To determine whether "The Pentastring has five words" is true, we determine whether the Pentastring has five words, which is to determine whether "This string has five words" has five words. To determine whether "This string has five words" is true, we determine whether "This string has five words" has five words. The determination of the truth value of the Pentastring is exactly the determination of the truth value of "This string has five words".

If you skip my main argument, then we won't get anywhere.

/

The glaring sophistry in that video is the claim that "this sentence" equals "this sentence is false." No, "this sentence" refers to "this sentence is false" but they are not the same. One is a noun phrase, and the other is a noun phrase and a predicate. One has two words, the other has four words. One refers to the other but they are not the same, they are not equal to one another.

Possibility 1) If "this string" is referring to a string of characters existing in the world, such as the characters on my keyboard, then the set of words "This string has five words" is meaningful, is a sentence, has a truth-value and can be either true or false.

I distinguish between physical inscriptions and sentences:

The teacher writes on the blackboard, "Caesar was a Roman emperor". A student writes in her notebook, "Caesar was a Roman emperor". The physical inscription on the blackboard is made of chalk. The physical inscription in the notebook is made of pencil lead. There are two inscriptions. But there is only one sentence involved.

Possibility 2) If "this string" is referring to itself, then it is an empty reference, and the set of words "this string has five words" is meaningless, isn't a sentence and has no truth-value.

So you say. The ball is in your court to support that claim. Also, I've given an argument why it is a meaningful, true sentence. That argument could be wrong, but what do you claim is wrong with it? Mind you, any counter-argument you give cannot invoke the premise that self-reference is meaningless, since that would be petitio principii.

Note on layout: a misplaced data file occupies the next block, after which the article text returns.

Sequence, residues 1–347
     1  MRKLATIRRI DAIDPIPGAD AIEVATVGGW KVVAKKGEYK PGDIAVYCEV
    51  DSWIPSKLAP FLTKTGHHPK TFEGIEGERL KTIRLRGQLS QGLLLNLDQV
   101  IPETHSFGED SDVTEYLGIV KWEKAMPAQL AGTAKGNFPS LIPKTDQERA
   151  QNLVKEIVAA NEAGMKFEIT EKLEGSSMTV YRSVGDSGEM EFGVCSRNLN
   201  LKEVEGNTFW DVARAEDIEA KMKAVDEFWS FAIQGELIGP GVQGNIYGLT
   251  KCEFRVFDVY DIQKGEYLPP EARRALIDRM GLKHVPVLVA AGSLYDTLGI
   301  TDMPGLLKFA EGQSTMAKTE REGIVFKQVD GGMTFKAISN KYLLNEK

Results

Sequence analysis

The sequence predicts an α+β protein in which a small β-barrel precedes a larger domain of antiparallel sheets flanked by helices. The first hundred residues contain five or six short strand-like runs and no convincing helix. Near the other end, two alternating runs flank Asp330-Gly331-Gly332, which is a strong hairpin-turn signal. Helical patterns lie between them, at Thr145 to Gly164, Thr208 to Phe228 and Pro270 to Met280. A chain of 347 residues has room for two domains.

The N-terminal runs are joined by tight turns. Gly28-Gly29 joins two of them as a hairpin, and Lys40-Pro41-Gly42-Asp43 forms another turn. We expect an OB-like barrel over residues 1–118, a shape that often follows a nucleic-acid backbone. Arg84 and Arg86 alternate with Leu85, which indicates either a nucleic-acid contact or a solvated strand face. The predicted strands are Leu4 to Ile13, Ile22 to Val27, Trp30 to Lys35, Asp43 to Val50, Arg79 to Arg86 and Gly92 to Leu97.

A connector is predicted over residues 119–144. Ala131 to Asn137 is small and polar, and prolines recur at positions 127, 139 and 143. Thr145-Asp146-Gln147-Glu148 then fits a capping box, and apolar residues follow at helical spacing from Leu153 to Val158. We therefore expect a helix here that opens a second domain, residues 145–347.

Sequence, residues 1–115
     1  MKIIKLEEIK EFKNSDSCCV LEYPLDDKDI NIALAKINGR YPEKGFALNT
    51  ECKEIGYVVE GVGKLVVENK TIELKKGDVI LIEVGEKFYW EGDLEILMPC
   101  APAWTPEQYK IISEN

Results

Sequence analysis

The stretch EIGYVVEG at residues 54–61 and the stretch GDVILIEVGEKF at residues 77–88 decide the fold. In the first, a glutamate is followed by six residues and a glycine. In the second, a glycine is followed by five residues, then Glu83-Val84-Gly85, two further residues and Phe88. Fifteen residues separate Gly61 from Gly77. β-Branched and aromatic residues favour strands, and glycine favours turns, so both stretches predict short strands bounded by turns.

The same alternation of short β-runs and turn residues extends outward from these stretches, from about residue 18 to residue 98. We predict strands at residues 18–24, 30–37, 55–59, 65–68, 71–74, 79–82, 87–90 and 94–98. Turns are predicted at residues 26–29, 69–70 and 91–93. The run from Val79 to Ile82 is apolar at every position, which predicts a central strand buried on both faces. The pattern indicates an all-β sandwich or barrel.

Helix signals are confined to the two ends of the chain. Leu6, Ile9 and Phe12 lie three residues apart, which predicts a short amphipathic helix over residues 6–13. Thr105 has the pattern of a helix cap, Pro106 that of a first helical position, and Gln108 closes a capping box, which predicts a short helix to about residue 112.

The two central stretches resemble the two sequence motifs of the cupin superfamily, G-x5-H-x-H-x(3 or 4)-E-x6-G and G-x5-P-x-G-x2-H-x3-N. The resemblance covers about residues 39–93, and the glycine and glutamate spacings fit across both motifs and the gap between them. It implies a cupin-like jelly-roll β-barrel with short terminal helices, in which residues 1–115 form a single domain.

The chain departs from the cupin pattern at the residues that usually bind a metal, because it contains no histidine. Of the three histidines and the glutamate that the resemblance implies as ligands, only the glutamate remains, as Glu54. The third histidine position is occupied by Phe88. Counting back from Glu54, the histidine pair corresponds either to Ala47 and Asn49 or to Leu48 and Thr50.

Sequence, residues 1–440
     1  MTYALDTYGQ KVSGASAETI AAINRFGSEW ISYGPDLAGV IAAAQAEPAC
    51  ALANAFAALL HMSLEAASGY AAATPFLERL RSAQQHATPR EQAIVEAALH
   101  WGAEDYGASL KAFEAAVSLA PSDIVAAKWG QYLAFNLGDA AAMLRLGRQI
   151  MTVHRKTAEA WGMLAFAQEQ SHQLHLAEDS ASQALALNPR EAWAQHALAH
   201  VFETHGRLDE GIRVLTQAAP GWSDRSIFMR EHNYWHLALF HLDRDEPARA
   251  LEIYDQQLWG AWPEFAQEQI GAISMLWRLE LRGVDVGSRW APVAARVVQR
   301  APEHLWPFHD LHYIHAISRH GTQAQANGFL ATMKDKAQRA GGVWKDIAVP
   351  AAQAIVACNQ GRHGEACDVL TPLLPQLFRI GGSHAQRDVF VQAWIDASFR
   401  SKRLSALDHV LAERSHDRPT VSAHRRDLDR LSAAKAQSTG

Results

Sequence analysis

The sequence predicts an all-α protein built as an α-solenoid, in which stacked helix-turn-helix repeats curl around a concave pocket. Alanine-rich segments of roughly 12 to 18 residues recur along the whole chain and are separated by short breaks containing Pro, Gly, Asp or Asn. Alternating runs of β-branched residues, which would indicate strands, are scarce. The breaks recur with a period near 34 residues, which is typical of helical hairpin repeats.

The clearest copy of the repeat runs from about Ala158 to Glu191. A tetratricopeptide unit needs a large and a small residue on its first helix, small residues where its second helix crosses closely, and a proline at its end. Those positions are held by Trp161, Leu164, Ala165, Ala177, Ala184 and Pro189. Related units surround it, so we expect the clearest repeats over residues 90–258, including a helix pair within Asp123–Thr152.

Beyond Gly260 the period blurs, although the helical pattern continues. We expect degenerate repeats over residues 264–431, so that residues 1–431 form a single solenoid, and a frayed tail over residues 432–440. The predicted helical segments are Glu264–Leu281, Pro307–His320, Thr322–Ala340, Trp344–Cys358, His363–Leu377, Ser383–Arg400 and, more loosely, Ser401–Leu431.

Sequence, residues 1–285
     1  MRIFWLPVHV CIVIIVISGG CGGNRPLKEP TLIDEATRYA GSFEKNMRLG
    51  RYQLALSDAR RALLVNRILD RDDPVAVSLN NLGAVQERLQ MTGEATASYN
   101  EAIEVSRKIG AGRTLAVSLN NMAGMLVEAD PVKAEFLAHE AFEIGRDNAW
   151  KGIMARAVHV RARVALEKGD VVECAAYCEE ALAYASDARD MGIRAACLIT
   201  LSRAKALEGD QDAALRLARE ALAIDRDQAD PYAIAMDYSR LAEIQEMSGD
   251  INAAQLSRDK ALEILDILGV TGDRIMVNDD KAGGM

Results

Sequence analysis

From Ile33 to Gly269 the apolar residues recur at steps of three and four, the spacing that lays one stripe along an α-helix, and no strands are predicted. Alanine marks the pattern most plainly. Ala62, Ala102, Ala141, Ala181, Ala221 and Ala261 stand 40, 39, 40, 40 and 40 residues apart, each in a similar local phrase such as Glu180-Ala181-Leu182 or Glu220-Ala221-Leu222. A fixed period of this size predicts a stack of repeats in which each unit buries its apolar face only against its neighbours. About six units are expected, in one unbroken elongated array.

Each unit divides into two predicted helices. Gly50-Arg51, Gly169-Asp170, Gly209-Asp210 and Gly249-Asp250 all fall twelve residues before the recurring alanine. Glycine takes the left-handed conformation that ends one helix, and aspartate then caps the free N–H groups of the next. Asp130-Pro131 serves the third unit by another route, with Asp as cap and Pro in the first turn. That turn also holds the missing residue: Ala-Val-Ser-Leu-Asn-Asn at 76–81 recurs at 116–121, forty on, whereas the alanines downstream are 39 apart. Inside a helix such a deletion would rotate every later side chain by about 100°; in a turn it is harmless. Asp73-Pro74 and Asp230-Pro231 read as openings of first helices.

Possibility 3) If "this string" is referring to "This string has five words", then the expression "this string" can be replaced by "this string has five words".

Rule out that possibility. It's the specious argument that the video makes. "X refers to Y" doesn't entail "X can be replaced by Y".

If "This string has five words" did assert that "This string has five words" has five words
then "This string has ten words" would be asserting that "This string has ten words" has ten words, which is not the case.

That's wrong.

It's not the case that "This string has ten words" has ten words; but it is the case that "This string has ten words" asserts that "This string has ten words" has ten words.

'this string' corresponds with the string "This string has five words".

'has five words' corresponds with the property of a string having five words, which is something that I observe some strings to have.

I see on my screen the set of words "this string has five words", and I see that there are five words in this set of words.